By Rich Raquet
I’ve written before about how much I detest our industry’s aversion to change, but today I’d like to be positive and talk about how we can change while not selling out the principles that should drive market research. Here are five that I’ve used in coming up with new solutions.
- Focus on What Is Important and Dump the Rest – I’ve always been a custom researcher and so I tend to want to cover every nuance of an objective before deciding that I’ve done my job. The trouble with this is it can lead to higher budgets and longer schedules. Fine if the issue is a long term strategic goal, but unworkable in a world where clients are making decisions faster than ever before.
- Set a Budget – Now this might sound like a cart before the horse issue, but I have found it is easier to be true to point 1 if you start off by establishing your budget. Let’s face it, who has not had a client say that they want to accomplish some set of objectives but only have a very limited amount to spend? When that happens we realize that we’ll have to compromise and we come up with something that might not get into every nuance, but that does help the client make a better decision. In determining your budget you should start by thinking about the cheapest you could imagine doing it for and going well below that (I’d start with half). You might not be able to achieve it but the lower you start the more it will help you to avoid issues discussing in the first point above.
- Set a Time Frame – Identical logic to number two. We’ve all had crash projects that had to be achieved in a ridiculously short time frame and we generally figure out a way to accomplish them. Here again, look at the fastest you’ve ever done something in the past and see if you can figure out how to cut that time in half.
- Talk to Clients and Prospects – This is basic. There are unfulfilled needs out there. Some are things the client side researchers can tell you right off (“I’d really like it if you could…”) and some are things they don’t think about because they assume they can’t be done. So have conversations about both. For the things they can articulate, ask them exactly what they would need to fulfill that. For the things they can’t articulate, ask them how a new service would be applied to their business (if at all). The answers here will help you create new ideas and refine the ones you have. Most important it will inform on items 1-4 above.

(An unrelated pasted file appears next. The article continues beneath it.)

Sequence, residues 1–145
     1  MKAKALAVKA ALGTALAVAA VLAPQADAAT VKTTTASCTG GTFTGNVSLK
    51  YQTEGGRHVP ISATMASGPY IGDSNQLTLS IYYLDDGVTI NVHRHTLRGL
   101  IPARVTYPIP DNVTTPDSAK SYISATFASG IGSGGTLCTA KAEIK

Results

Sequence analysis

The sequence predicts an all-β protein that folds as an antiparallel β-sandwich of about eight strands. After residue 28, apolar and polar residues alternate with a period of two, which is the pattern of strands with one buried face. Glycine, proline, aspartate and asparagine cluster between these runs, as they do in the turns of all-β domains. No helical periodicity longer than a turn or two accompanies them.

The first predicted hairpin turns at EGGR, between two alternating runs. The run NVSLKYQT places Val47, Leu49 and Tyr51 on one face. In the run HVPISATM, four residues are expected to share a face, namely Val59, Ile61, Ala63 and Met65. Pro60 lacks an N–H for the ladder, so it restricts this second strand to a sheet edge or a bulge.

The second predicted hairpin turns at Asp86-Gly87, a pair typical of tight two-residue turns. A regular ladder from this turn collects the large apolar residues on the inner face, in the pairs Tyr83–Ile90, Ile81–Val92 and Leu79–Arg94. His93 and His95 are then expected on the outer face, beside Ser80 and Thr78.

- Never Stop Doing Good Research – Faster and cheaper doesn’t mean bad. Obviously a thoughtful collaborative custom research effort will provide superior market research…but if the time or budget don’t allow for it, then the “superior” research is useless (either too late to help or too expensive to do in the first place). That doesn’t mean you shouldn’t deliver reliable results…just that you need to understand (and make your clients understand) the limitations that result from the compromises you had to make.
At TRC we recently launched Message Test Express™. The product developed out of a phone call with a prospect who complained that he couldn’t do effective quantitative message testing because time did not allow it. From that conversation we set budget and timing criteria and then tried to figure out how we could help him to do effective message testing within those parameters. As we worked through our plan we went back and got feedback from him and other clients to make sure we were on the right track. Finally, we figured out how to include some advanced methods (we used our proprietary Bracket™ prioritization tool to provide individual level utilities for each message) and useful tools (such as a highlighter tool, heat maps and specialized word clouds) that maximized the reliability and usefulness of the results.
Doing all of the above is no guarantee that the product will be a success (too early to know if Message Test Express™ will be), but I believe they are a good foundation for creating one. Of course the alternative (not trying to innovate) will surely lead to failure.